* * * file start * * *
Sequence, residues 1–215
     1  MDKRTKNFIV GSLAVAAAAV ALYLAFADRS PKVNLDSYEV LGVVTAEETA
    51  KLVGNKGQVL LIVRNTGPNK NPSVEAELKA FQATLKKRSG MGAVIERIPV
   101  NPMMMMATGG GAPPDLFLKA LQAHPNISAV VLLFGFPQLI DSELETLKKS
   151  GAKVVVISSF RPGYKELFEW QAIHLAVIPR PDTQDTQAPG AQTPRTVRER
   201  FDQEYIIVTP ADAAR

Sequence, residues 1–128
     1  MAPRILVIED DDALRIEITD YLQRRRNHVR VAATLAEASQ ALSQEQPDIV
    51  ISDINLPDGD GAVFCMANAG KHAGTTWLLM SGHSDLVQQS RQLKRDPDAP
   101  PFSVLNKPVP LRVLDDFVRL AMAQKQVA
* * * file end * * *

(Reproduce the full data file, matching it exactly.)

Sequence, residues 1–215
     1  MDKRTKNFIV GSLAVAAAAV ALYLAFADRS PKVNLDSYEV LGVVTAEETA
    51  KLVGNKGQVL LIVRNTGPNK NPSVEAELKA FQATLKKRSG MGAVIERIPV
   101  NPMMMMATGG GAPPDLFLKA LQAHPNISAV VLLFGFPQLI DSELETLKKS
   151  GAKVVVISSF RPGYKELFEW QAIHLAVIPR PDTQDTQAPG AQTPRTVRER
   201  FDQEYIIVTP ADAAR

Sequence, residues 1–128
     1  MAPRILVIED DDALRIEITD YLQRRRNHVR VAATLAEASQ ALSQEQPDIV
    51  ISDINLPDGD GAVFCMANAG KHAGTTWLLM SGHSDLVQQS RQLKRDPDAP
   101  PFSVLNKPVP LRVLDDFVRL AMAQKQVA